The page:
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University of Sydney's Poche Centre for Indigenous Health, which is situated within University's medical school, recently launched their new three-year strategy: Healthy kids, healthy teeth, healthy hearts. The aims of the Centre are to give Indigenous people decent health and reasonable life expectancy; reduce, if not eradicate, a range of preventable illnesses; play a key role in the delivery of practical health care to Indigenous communities, and undertake research, the results of which will inform the way in which Indigenous health care is delivered.
Founders of the Poche Centre, Greg and Kay Poche and Reg Richardson, strongly believe in the value and importance of research in informing and influencing the ways Aboriginal health care is delivered and are pleased this will continue to be a core part of the centre's activity. They are also excited about the new emphasis on drawing together the expertise and experience of key thinkers in the field to influence public policy and the ways health care is delivered for Aboriginal people and communities.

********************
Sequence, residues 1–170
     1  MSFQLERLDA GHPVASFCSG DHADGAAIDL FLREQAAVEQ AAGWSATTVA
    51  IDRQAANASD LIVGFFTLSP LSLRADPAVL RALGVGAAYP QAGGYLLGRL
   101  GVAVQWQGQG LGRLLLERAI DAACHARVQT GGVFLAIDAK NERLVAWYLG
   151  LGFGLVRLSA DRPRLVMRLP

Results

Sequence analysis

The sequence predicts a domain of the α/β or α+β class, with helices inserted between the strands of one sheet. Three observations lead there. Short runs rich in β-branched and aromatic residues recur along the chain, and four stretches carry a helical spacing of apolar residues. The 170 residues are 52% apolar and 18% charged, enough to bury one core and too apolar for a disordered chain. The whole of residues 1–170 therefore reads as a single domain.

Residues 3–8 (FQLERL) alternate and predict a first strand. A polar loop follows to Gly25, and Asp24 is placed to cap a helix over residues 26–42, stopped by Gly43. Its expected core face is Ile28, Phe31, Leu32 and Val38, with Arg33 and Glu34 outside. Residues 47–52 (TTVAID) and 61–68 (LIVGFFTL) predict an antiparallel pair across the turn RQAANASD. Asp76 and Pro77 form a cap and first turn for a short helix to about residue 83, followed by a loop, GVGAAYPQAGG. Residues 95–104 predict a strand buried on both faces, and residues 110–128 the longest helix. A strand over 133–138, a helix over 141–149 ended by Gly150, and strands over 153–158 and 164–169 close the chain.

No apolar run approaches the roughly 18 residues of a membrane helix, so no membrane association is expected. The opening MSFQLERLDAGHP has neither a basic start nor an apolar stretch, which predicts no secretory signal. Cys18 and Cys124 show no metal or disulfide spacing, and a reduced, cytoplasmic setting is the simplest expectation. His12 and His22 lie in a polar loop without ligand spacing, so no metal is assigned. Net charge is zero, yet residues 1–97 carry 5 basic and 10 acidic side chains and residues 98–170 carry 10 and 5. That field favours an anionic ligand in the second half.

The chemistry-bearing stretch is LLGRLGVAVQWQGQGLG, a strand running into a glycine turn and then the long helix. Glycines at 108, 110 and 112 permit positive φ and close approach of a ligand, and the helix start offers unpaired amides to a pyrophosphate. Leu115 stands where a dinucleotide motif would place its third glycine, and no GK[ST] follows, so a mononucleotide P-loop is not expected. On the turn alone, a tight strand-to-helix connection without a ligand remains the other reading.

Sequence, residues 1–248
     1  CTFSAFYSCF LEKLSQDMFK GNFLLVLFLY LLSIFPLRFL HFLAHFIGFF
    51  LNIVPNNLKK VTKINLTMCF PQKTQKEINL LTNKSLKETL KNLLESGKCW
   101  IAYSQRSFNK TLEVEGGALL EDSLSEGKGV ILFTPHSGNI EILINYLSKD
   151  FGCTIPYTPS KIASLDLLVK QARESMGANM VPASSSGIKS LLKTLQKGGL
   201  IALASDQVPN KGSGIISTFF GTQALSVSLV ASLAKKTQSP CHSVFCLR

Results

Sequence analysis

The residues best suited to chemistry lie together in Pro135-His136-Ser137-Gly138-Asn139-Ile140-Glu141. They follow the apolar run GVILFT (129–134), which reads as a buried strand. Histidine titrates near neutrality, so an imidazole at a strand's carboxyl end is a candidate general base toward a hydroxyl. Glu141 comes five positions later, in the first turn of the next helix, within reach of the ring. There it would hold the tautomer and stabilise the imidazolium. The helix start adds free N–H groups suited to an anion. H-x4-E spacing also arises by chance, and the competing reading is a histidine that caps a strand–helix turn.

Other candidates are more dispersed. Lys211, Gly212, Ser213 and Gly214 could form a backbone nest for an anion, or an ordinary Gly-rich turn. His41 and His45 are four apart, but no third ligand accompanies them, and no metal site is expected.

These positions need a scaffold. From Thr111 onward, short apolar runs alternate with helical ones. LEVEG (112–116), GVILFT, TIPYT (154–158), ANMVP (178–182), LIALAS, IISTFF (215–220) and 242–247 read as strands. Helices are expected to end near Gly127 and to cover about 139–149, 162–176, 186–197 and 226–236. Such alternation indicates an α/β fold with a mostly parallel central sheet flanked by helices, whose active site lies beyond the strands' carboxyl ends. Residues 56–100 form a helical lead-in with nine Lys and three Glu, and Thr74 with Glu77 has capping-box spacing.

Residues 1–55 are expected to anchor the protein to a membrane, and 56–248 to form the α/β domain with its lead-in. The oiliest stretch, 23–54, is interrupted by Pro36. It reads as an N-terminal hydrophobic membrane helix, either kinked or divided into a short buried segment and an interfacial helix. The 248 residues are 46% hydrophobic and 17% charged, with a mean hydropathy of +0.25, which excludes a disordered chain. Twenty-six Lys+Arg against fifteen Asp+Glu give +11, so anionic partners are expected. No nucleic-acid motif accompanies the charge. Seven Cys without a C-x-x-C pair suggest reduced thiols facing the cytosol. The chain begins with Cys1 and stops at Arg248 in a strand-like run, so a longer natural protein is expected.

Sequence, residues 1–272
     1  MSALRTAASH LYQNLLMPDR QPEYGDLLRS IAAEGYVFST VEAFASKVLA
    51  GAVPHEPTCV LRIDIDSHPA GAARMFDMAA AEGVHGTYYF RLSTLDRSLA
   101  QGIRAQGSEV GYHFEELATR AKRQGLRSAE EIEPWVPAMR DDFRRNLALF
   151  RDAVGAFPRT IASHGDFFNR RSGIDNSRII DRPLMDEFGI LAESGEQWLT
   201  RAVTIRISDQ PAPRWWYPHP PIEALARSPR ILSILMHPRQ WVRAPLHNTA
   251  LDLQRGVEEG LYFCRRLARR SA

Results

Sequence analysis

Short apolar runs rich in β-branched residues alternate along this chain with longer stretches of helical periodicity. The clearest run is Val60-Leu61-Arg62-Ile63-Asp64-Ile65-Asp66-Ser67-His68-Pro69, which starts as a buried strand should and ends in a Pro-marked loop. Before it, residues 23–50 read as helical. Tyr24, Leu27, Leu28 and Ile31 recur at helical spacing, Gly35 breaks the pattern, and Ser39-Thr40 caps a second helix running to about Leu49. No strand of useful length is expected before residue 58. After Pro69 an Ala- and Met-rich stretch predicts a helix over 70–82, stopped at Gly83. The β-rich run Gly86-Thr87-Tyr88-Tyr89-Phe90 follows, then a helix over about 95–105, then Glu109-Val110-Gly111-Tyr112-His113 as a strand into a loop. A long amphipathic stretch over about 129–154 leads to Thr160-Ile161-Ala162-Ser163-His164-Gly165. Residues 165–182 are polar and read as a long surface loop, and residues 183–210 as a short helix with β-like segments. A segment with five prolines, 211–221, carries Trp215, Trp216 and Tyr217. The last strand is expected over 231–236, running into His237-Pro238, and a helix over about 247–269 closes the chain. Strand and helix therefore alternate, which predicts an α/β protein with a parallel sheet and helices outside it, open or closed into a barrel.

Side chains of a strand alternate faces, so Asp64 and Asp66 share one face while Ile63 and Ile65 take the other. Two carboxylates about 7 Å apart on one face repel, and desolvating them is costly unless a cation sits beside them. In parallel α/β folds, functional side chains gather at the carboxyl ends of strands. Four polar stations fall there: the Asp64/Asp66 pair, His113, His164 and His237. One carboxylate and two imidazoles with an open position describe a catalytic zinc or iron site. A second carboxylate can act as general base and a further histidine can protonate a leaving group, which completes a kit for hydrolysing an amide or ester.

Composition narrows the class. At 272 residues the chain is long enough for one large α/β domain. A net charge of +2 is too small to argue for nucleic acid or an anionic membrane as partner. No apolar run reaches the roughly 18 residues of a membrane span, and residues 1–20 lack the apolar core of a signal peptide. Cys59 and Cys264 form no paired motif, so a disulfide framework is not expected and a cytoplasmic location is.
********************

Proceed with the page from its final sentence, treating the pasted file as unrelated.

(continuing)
Their emphasis on healthy hearts includes improving cardiovascular health and providing access to specialist medical advice, with a particular focus on extending life expectancy among older community members. Over the past four years, the Centre has been running regular clinics with student attendance, including a periodic Pacemaker Technician to accompany the team. The Centre is expanding these services with the introduction of e-medicine to provide additional opportunities for patient follow up between fly in visits meaning more treatments with less ongoing travel costs.
The launch was hosted by the Dean of the Sydney Medical School, Professor Bruce Robinson, with special guests Kay Poche, Reg and Sally Richardson, and new Chancellor of the University of Sydney, Belinda Hutchinson. After the official launch, a research presentation hosted by Professor Glenn Salkeld, Head of the School of Public Health, followed the launch which showcased the research the Poche Centre is supporting.
Source: University of Sydney
Poche Centre for Indigenous Health
Sydney School of Public Health
Edward Ford Building A27
University of Sydney NSW 2006
Ph: (02) 9114 0829